To Prologue or Not to Prologue?

To Prologue or Not to Prologue?

That is one of the most confusing questions facing any new author.  Should you use a prologue or jump right in to Chapter one?  A prologue is defined as:

A separate introductory section of a literary or musical work.

 There are multitudes of websites warning writers not to use them unless you really know what you’re doing.  It’s like handing a five year old a newly sharpened samurai sword and saying, “Don’t play with it honey, you’ll cut yourself.” 

Below is one of the many websites explaining exactly why some agents aren’t fans of the prologue and what you need to know to write a great one.

http://www.writing-world.com/fiction/prologue.shtml

 Writer’s Digest says this about prologues: “Almost every agent agrees that poorly executed prologues are the quickest route back to slushville. Prologues reflexively cause agents to skip to Chapter 1 without a look back. Most have backstory that is too often “told” instead of “shown.””

When I first began writing – headstrong and just foolish enough to think that I could succeed in anything– I wrote a brilliantly crafted, lengthy prologue to The Unraveling of Kirin Lane that made Gone with the Wind look like a paragraph.  I wanted my fabulous reader to know everything that I knew about these interesting characters – the whole backstory – in the hopes that they too would fall in love with them.  I worked and snipped and cut at it until it felt like a giant paper snowflake and finally realized that my clever readers didn’t need all of that information.  I ended up tossing it, rather forcefully into the trash, but without giving up on the idea of a prologue – because, well…I’m a rebel when it comes right down to it.

 Prologues aren’t meant to be a wordy information dump.  In my opinion they are meant to add an element of suspense or put doubt into the reader’s mind or even spin the story in a different direction by using a different POV or by layering the plot for a later reveal.  My advice; use the samurai sword if you must, but only after you’ve learned how to wield it.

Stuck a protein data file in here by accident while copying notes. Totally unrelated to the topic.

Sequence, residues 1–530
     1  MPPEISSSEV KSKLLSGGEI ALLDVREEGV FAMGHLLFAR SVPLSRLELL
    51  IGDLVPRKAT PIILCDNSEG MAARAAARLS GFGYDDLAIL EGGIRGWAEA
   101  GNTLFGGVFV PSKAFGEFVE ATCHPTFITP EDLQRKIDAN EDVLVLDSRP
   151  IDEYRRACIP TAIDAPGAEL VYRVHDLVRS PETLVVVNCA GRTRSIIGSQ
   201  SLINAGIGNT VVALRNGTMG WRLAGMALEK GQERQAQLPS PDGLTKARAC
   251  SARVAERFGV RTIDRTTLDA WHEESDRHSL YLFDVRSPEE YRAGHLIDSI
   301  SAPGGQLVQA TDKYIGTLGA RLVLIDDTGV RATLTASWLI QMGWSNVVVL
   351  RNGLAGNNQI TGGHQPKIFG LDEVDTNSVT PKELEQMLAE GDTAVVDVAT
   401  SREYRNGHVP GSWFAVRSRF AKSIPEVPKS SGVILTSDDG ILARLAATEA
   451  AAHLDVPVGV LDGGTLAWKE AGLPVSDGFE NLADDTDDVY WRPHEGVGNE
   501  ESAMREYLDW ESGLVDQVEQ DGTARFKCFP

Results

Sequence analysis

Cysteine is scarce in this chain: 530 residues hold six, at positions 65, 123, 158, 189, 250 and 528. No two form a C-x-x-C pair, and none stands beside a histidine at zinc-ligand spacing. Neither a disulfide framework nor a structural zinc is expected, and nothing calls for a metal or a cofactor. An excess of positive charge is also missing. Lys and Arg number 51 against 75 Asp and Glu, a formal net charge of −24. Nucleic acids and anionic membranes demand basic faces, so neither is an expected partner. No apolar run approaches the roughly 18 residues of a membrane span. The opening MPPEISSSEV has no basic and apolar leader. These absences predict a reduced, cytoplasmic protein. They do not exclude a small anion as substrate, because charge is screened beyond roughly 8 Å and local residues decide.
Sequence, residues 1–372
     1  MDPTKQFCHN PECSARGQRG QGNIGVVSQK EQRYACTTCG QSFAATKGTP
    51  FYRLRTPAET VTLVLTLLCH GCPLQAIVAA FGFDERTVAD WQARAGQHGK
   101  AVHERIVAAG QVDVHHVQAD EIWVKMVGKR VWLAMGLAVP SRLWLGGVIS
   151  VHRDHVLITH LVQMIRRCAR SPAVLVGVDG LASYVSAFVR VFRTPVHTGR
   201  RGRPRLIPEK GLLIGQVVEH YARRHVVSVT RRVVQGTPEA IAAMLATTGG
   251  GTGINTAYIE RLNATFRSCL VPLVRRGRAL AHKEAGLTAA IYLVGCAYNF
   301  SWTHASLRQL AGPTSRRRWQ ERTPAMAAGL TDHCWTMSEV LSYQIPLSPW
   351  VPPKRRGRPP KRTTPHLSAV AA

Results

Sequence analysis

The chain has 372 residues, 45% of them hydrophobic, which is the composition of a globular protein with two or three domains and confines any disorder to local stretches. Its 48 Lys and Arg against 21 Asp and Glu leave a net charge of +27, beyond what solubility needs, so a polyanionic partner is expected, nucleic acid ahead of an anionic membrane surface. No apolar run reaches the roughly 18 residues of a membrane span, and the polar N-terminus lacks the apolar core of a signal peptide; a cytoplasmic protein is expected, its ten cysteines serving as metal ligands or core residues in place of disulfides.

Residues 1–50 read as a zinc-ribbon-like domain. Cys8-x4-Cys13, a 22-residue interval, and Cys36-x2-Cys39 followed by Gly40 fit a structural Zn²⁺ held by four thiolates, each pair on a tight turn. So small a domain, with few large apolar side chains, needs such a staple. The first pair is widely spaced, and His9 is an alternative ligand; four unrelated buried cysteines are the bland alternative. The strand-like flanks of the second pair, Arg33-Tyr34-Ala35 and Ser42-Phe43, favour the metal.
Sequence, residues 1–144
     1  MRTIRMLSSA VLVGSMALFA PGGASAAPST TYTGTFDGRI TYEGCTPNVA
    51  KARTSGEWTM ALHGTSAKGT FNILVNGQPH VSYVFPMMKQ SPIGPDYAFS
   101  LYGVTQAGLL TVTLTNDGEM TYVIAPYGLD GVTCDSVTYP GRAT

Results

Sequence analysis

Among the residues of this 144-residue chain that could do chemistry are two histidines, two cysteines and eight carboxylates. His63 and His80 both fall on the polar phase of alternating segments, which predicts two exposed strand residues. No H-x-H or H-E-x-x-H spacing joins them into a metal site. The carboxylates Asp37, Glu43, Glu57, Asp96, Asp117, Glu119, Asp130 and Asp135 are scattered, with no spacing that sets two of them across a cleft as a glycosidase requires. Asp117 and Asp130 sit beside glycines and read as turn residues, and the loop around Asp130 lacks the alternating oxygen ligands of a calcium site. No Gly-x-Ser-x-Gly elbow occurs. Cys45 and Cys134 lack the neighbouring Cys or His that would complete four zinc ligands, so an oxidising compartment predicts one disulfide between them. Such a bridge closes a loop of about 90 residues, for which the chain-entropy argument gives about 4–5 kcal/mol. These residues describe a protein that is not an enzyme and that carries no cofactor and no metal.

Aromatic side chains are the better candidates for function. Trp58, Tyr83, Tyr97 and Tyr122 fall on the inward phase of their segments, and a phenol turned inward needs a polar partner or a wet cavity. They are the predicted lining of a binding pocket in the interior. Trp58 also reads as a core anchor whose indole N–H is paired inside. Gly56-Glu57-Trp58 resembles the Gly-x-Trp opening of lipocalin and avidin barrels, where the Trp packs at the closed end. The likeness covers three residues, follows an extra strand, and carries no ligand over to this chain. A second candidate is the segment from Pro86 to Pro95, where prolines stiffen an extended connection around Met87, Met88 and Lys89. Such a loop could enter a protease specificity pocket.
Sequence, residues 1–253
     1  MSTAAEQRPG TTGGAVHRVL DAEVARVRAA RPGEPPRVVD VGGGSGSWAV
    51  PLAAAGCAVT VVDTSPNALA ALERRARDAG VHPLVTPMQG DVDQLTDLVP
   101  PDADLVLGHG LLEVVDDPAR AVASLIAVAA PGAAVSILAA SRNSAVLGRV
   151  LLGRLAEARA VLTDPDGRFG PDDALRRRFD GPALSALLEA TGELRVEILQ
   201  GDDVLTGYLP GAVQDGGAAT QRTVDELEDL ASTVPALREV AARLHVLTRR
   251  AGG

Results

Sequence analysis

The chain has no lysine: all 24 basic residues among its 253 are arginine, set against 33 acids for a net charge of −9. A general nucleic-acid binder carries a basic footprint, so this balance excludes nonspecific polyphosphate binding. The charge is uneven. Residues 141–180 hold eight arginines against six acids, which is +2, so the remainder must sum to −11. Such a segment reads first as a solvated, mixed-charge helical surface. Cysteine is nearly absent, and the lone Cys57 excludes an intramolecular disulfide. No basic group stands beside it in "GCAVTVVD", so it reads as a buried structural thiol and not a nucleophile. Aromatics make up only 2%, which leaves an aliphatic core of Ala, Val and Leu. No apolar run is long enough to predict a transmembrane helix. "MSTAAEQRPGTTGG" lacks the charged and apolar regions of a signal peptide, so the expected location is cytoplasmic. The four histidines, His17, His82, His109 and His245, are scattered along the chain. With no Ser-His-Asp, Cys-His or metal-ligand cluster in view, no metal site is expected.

I promised to start posting parts of my first novel, The Unraveling of Kirin Lane, so take a look at the prologue.  Be sure to leave comments, I’d love to hear them!

Until next time,

~KT

 

 

Prologue to The Unraveling of Kirin Lane

 

Trudging slowly down the dimly lit back hallway of the Italian restaurant as if I have a car tied to my leg, my only focus is calming my nerves and controlling my erratic breathing.  The only noise rattling in my head is the slow, rhythmic thud of my faded boots on the red carpet and the mantra repeating in my head; what the hell am I doing? And why am I risking my life for a girl who doesn’t even know I exist?

I stop just short of the large red door where all of the operatives are gathered.  Angry muffled voices waft through the cracks in the old door and above all of them, his booming voice rings out and makes the hair on the back of my neck stand up.  Closing my eyes and running my fingers through my hair, I breathe in the smell of oregano that permeates the walls.  Sonny, my mentor, is dead.  This means they will come after her and just as I promised him, I will have to protect her.  Get it together, boy, I tell myself.  If I don’t play this just the right way, he’ll figure out my game and kill me, torture her and the mission to end his reign of crime will be lost.  He knows me too well; all my life it seems, and although I’m very capable of gently coercing any female to believe my every word, I never could convincingly lie to him.   Nervously, I interlace my fingers and hear the faint popping of my knuckles. Protecting her isn’t going to erase all the bad things you’ve done, you know? My subconscious sneers. Why do I feel the need to protect a total stranger?

Here goes… Turning the golden door knob, I shook my head, took in a long shaky breath, and opened the door…